time one wants to match.

              When the unicode option is given, the regular expression should
              be given as a valid Unicode charlist(), otherwise as any valid
              iodata().

              The options have the following meanings:

                unicode:
                  The regular expression is given as a Unicode charlist() and
                  the resulting regular expression code is to be run against a
                  valid Unicode charlist() subject. Also consider the ucp
                  option when using Unicode characters.

                anchored:
                  The pattern is forced to be "anchored", that is, it is
                  constrained to match only at the first matching point in the
                  string that is being searched (the "subject string"). This
                  effect can also be achieved by appropriate constructs in the
                  pattern itself.

                caseless:
                  Letters in the pattern match both upper and lower case
                  letters. It is equivalent to Perl's /i option, and it can be
                  changed within a pattern by a (?i) option setting. Uppercase
                  and lowercase letters are defined as in the ISO-8859-1
                  character set.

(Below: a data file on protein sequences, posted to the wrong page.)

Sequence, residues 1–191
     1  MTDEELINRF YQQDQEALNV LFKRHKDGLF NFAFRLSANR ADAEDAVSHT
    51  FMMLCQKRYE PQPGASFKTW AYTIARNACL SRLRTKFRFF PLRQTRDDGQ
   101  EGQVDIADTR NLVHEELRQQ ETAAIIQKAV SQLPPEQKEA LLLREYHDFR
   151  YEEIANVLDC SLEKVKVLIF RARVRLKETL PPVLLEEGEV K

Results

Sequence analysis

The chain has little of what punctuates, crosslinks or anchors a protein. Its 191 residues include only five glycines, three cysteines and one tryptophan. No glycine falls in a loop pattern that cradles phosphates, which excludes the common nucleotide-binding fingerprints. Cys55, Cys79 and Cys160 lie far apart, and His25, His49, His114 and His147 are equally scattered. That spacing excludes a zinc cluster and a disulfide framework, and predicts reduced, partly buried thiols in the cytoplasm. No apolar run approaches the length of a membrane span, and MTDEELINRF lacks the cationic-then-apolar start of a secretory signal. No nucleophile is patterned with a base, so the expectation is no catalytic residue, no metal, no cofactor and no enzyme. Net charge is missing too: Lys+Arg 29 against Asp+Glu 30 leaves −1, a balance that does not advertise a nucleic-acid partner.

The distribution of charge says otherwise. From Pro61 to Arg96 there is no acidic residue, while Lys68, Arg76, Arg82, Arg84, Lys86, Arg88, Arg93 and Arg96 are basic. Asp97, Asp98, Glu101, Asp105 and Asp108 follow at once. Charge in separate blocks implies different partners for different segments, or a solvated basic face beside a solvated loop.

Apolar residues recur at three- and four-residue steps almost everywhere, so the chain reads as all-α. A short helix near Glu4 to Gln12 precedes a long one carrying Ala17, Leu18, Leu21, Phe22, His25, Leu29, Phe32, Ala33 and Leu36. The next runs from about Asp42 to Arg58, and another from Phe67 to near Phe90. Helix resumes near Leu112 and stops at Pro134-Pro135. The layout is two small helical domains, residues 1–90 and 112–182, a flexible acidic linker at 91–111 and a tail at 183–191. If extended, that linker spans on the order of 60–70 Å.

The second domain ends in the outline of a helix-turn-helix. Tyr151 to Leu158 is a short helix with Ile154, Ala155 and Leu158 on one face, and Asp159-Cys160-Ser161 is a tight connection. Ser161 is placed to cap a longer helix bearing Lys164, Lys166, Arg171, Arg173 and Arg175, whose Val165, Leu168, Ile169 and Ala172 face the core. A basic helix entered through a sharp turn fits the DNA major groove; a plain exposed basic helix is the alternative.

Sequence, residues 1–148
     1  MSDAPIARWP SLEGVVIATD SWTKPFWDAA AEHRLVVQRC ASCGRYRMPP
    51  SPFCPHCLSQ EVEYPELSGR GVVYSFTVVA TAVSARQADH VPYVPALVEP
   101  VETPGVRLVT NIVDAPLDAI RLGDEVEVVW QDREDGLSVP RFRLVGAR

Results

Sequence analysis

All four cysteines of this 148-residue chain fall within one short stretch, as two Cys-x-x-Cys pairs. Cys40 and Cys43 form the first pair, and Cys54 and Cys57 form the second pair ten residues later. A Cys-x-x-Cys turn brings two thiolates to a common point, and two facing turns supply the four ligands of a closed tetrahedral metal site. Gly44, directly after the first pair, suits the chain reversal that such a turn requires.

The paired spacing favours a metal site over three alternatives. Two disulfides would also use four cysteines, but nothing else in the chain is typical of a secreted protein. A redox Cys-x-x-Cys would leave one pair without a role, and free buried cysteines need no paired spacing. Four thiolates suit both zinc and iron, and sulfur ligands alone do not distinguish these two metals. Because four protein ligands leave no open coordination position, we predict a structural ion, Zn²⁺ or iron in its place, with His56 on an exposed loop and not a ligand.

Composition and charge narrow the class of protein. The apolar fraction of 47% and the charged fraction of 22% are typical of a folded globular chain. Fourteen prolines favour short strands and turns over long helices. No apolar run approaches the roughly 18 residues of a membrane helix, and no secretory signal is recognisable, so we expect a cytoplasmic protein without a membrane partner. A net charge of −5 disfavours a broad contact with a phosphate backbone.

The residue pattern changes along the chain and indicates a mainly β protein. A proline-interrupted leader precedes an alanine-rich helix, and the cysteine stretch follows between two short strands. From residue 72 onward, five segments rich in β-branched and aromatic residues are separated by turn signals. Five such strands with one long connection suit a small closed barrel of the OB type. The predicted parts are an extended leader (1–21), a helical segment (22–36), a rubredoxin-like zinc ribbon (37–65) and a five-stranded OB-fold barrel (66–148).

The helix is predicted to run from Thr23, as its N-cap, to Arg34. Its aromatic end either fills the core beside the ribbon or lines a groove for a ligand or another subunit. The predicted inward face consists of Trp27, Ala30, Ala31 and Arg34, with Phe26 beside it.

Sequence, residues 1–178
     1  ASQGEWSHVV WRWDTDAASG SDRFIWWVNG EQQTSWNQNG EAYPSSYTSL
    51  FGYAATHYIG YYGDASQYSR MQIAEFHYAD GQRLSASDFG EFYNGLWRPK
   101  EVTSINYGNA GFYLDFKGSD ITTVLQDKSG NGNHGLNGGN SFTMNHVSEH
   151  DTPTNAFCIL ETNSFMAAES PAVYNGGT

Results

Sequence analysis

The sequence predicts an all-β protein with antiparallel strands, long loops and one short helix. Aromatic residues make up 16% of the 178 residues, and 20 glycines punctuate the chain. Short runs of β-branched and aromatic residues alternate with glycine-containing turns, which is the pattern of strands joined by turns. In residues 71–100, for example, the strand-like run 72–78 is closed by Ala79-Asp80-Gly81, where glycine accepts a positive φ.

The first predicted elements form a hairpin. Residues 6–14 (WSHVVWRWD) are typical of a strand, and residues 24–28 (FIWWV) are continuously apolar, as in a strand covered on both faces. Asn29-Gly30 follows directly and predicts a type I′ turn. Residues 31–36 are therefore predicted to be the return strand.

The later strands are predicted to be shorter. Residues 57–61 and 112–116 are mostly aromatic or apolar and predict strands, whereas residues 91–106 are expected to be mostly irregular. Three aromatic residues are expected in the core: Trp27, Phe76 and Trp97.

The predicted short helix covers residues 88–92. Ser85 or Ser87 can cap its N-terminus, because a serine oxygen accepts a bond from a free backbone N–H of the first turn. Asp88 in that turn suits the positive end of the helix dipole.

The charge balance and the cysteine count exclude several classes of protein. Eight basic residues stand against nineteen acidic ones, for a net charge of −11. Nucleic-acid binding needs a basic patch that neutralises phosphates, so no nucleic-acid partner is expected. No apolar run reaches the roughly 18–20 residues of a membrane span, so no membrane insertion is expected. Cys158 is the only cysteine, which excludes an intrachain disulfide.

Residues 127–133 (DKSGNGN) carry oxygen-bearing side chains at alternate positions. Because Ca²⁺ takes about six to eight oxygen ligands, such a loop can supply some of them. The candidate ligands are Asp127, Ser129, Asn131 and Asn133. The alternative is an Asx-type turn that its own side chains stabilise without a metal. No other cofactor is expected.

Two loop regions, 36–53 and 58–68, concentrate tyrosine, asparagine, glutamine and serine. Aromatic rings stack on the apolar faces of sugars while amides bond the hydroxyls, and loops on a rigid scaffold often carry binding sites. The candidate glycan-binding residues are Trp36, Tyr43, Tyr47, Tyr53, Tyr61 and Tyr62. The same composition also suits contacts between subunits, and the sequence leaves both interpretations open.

dollar_endonly:
                  A dollar metacharacter in the pattern matches only at the
                  end of the subject string. Without this option, a dollar
                  also matches immediately before a newline at the end of the
                  string (but not before any other newlines). The
                  dollar_endonly option is ignored if multiline is given.
                  There is no equivalent option in Perl, and no way to set it
                  within a pattern.

                dotall:
                  A dot in the pattern matches all characters, including those
                  that indicate newline. Without it, a dot does not match when
                  the current position is at a newline. This option is
                  equivalent to Perl's /s option, and it can be changed within
                  a pattern by a (?s) option setting. A negative class such as
                  [^a] always matches newline characters, independent of this
                  option's setting.

                extended:
                  Whitespace data characters in the pattern are ignored except
                  when escaped or inside a character class. Whitespace does
                  not include the VT character (ASCII 11). In addition,
                  characters between an unescaped # outside a character class
                  and the next newline, inclusive, are also ignored. This is
                  equivalent to Perl's /x option, and it can be changed within
                  a pattern by a (?x) option setting. This option makes it
                  possible to include comments inside complicated patterns.
                  Note, however, that this applies only to data characters.
                  Whitespace characters may never appear within special